When electric power fails, a sneer
drifts from the haunted forest
and nibbles our extremities.
The night wind rackets in shades
of dolor we otherwise dodge,
being creatures of sprightly mood.
Tonight I lie in a dreamless stupor
and dream anyway, rehearsing
my love of a tiny woman
represented by two broken sticks
dropped on a street in Cambridge
west of the MIT campus.
I don’t remember that woman
seeming so brittle, but the sticks
are undeniable. I drop a tear
in the gutter as the howling
of our deaf old cat wakes me
into dark too thick to stir with
those broken little sticks of pine.
No use explaining this dream
to you, busy feeding the pets.
No use bracing myself against
the windy dawn just brimming
with the last tatter of rain dispersed.
You wouldn’t believe how distant
the streets of Cambridge became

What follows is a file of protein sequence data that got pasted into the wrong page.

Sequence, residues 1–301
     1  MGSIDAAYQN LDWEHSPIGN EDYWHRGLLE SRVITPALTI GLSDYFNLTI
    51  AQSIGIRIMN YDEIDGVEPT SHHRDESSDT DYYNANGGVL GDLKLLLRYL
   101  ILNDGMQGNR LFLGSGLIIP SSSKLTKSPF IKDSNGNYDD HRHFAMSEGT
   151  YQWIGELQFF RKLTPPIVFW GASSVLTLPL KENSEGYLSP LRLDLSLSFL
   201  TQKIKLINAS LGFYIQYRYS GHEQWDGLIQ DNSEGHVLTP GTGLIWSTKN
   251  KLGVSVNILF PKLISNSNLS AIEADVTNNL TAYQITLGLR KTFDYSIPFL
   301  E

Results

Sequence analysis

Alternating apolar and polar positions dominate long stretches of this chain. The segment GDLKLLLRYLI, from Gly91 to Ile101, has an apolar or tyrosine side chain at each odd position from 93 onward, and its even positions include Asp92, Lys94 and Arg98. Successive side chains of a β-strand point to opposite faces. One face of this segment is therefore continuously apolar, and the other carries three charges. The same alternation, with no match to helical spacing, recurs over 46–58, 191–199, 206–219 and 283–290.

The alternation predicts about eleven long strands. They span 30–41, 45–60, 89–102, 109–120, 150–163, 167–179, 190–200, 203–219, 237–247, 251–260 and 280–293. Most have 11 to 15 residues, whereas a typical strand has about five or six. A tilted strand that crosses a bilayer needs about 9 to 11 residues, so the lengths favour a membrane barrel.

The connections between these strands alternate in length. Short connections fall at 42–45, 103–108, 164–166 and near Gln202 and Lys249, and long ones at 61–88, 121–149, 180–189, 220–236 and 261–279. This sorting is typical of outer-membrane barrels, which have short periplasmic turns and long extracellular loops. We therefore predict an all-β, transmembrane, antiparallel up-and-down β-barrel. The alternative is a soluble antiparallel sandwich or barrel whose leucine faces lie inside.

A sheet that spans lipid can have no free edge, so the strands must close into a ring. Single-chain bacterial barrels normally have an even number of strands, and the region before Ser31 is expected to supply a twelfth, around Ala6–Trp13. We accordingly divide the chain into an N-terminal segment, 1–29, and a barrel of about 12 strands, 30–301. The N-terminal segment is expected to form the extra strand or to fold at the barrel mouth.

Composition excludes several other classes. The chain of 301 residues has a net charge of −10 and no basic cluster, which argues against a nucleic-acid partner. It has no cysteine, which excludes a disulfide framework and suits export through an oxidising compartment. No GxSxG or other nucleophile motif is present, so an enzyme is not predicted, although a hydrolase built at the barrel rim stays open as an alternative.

since I last crossed the rainbow
of Longfellow’s cut-stone bridge.
I should have left the two sticks crossed
at an intersection. Too late
to recover them. Just believe,
as I do, that electric power
will restore itself in time
to link us to the Anthropocene,
where dark fades into fresh colors
even the dirt-poor can wear.
William Doreski has published three critical studies and several collections of poetry. His work has appeared in many print and online journals. He has taught at Emerson, Goddard, Boston University, and Keene State College. His most recent book is Train to Providence, a collaboration with photographer Rodger Kingston.